Copenhagen, Denmark – A multi-generational delegation of 21 Indigenous Peoples from North America have arrived in Copenhagen, Denmark this week to advocate for the incorporation of Indigenous Peoples rights in the language of a fair, binding, and science-based global climate treaty at the United Nations Framework Convention on Climate Change (UNFCCC).
The delegation is comprised of Native American, Alaskan Native, and First Nation activists and leaders from the communities most affected by climate change and fossil fuel development in North America. They represent many Nations including Cree, Mandan, Hidatsa, Arikara, Blackfoot, Ojibwe, Kachiquel Mayan, Pasqua, Gwich’in, Navajo, Mikisew Cree, Inupiaq, Mohawk, Oneida, Zuni, and Athabasca Chipewyan First Nation.
The delegation, coordinated by the Indigenous Environmental Network (IEN), are attending the international climate negotiations to speak on behalf of their Nations, communities, and future generations in support of strong climate action and also to network with other Indigenous Peoples from across the world.
Nikke Alex, 24, an IEN youth delegate from the Navajo Nation, AZ, said, “My community has been greatly affected my climate change. In my community, many do not have basic utilities like running water and electricity, and over the summer, the wells and springs dried up forcing my family and many others to drive over 30 miles for water. I’m happy to see other Indigenous youth here to voice their concerns about decisions being made that will impact their future.”
In order to protect their homelands from climate chaos, the IEN delegation is pushing for not only strong targets for reducing greenhouse gas emissions, but also demanding effective, fair and equitable methods to address the climate issue. Global expectations for Copenhagen outcomes have dimmed in recent weeks, most prominently due to inaction by the world’s biggest emitters, such as the United States and Canada. IEN delegates will work to pressure their home governments to step up their efforts to combat climate change.
We are here to tell the world, as the Indigenous Peoples of North America we will not sit on the side lines as the American and Canadian governments systematically kill international climate negotiations in the interest of promoting dirty fossil fuel development such as the Tar sands in Northern Alberta, Canada,” says Clayton Thomas-Muller, Tar Sands Campaigner for IEN.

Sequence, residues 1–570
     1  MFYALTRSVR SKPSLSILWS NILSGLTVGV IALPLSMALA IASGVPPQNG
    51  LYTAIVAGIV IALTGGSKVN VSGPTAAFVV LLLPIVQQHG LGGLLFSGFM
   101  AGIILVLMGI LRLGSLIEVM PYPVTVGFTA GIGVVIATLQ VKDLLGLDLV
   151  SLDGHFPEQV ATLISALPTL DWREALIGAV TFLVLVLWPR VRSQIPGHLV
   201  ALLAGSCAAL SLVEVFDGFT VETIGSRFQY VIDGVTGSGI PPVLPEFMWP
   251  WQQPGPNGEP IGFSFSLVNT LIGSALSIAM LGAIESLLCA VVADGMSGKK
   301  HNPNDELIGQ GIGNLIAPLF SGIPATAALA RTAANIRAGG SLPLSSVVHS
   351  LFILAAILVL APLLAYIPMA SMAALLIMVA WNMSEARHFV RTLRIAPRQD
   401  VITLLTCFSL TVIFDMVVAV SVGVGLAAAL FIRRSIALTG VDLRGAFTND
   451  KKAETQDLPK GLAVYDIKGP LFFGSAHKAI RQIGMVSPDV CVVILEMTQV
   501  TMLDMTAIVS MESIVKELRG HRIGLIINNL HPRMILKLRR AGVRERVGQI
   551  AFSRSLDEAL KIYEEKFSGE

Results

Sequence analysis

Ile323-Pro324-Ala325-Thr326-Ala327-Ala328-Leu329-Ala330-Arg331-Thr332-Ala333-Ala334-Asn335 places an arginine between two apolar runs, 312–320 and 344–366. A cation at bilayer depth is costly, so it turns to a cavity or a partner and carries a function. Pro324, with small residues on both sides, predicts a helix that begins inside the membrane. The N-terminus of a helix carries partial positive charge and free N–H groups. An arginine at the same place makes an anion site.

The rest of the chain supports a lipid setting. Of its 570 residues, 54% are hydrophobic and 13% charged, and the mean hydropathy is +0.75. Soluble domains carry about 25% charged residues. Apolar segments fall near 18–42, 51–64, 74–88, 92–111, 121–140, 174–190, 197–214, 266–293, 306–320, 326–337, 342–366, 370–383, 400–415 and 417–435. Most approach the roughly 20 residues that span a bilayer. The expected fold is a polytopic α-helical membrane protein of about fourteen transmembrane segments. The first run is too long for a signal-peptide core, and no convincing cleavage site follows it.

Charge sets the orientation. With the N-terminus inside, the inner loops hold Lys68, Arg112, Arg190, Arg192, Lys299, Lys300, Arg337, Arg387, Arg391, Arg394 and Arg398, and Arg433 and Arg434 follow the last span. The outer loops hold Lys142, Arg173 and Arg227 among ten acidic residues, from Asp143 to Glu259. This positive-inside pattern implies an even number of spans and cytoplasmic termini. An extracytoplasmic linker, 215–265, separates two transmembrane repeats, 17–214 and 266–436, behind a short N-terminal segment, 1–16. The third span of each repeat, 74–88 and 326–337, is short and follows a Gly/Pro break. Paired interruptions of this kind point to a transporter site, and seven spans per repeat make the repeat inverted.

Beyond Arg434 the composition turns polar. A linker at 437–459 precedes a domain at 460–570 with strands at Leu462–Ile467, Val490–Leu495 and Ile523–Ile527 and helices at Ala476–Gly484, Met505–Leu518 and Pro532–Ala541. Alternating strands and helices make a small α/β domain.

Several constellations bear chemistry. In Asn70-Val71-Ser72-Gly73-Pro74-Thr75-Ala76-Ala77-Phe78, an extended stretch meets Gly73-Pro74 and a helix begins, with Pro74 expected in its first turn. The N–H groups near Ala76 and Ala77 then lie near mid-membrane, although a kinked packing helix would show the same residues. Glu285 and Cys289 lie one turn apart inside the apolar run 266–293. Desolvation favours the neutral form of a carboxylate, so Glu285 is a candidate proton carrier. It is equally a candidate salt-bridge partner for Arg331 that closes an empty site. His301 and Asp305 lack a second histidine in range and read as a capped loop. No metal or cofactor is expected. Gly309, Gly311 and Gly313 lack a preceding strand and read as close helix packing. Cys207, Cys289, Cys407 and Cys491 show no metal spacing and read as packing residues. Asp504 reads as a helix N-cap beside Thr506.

The delegation will also be working in solidarity with Indigenous Peoples from around the globe to advocate the inclusion of the UN Declaration on the Rights of Indigenous Peoples’ (UNDRIP) in any climate agreement. In addition to lobbying, the delegation will be educating other UNFCCC and Klimaforum 09 attendees through workshops, non-violent direct actions, and most importantly, informing their own communities about progress in Copenhagen.
Contact: The Indigenous Environmental Network Media Team
Mobile Number: +45 526 85596
E-mail: [email protected]
The Indigenous Environmental Network (IEN) is a United States-based non-governmental (Indigenous) organization formed in 1990 addressing environmental and economic justice challenges. IEN is a network of Indigenous Peoples empowering Indigenous communities and Nations towards sustainable livelihoods, demanding environmental justice, and maintaining the Sacred Fire of our traditions. Since 1998, IEN has been working on issues of climate change and global warming. IEN is one of the leading organizations/networks within the U.S. environmental justice movement involved in climate change policy – locally, nationally and globally. Visit http://www.ienearth.org for more information. IEN Delegation information below.
CONTACT Indigenous Environmental Network
Red Road to Copenhagen
The Indigenous Environmental Network (IEN) has undertaken a project initiative to bring a delegation of Indigenous peoples to the 15th Session of the Conference of the Parties (COP 15th) of the United Nations Framework Convention on Climate Change (UNFCCC) in Copenhagen, Denmark. The UNFCCC COP 15 is scheduled for December 7-18, 2009. This initiative will bring accumulated traditional knowledge of Indigenous peoples from North America coming from climate-energy impact zones and persons experienced in linking an indigenous rights-based framework to climate policy. For more information about the IEN delegation’s goals and work at Copenhagen, see the IEN Red Road to Copenhagen.
IEN Head of Delegation
CONTACT _Con-3D21947A80 \c \s \l Tom Goldtooth is the Executive Director of the IEN. Tom is Dine’ and Dakota and lives in Minnesota. Since the late 1980’s, Tom has been involved with environmental related issues and programs working within tribal governments in developing indigenous-based environmental protection infrastructures. Tom works with indigenous peoples worldwide. Tom is known as one of the environmental justice movement grassroots leaders in North America addressing toxics and health, mining, energy, climate, water, globalization, sustainable development and indigenous rights issues. Tom is one of the founders of the Durban Group for Climate Justice; co-founder of Climate Justice NOW!; a co-founder of the U.S. based Environmental Justice Climate Change initiative and a member of the International Indigenous Peoples Forum on Climate Change that operates as the indigenous caucus within the United Nation Framework Convention on Climate Change. Tom is a policy advisor to indigenous communities on environmental protection and more recently on climate policy focusing on mitigation, adaptation and concerns of false solutions. Tom networked with the Society for Threatened Peoples, and other researchers and writers on publishing a booklet for Indigenous peoples on False Solutions of Climate Change. Tom co-authored the REDD Booklet, an indigenous publication reporting the risks and dangers of the implementation of Emissions from Deforestation and Forest Degradation (REDD) within indigenous territories.
Canadian Indigenous Delegation – Issue Tar Sands Development